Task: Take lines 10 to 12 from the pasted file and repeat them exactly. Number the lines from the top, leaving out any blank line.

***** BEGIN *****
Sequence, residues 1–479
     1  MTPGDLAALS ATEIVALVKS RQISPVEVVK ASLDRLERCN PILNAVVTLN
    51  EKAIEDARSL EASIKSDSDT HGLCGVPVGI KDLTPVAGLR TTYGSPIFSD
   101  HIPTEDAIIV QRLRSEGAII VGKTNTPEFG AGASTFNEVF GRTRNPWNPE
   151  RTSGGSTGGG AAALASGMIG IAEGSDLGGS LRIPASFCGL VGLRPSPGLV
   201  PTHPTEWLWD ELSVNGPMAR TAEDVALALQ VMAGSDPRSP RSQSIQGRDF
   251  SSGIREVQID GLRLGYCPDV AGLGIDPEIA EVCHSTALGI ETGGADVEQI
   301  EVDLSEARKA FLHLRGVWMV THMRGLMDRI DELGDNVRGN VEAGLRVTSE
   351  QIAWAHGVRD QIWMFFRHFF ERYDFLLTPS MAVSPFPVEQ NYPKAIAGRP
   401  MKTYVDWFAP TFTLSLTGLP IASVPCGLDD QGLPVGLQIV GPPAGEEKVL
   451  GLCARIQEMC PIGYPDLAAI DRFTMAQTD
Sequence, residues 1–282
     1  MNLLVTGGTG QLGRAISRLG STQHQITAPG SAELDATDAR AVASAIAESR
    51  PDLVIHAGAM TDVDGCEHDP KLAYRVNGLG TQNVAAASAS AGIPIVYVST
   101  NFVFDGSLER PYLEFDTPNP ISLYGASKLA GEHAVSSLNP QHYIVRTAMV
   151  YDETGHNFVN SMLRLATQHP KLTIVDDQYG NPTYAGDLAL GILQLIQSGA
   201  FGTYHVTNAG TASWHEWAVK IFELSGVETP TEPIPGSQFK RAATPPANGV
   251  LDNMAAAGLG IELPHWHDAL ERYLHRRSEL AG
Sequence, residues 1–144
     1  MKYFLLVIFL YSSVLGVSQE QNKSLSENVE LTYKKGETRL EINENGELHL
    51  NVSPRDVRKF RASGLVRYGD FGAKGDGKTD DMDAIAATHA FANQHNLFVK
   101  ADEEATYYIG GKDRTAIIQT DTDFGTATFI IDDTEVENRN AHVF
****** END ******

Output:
   401  MKTYVDWFAP TFTLSLTGLP IASVPCGLDD QGLPVGLQIV GPPAGEEKVL
   451  GLCARIQEMC PIGYPDLAAI DRFTMAQTD
Sequence, residues 1–282